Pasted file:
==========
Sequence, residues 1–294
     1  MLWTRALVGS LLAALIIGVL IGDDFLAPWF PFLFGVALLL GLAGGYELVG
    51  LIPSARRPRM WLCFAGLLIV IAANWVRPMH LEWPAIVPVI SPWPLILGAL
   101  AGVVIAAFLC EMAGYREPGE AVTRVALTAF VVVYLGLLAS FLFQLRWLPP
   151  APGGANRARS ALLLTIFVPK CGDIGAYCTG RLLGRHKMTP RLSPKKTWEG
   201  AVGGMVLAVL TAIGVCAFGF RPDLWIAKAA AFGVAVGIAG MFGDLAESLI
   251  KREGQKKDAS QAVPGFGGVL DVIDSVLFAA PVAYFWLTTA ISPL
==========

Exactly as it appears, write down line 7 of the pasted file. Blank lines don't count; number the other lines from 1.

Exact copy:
   251  KREGQKKDAS QAVPGFGGVL DVIDSVLFAA PVAYFWLTTA ISPL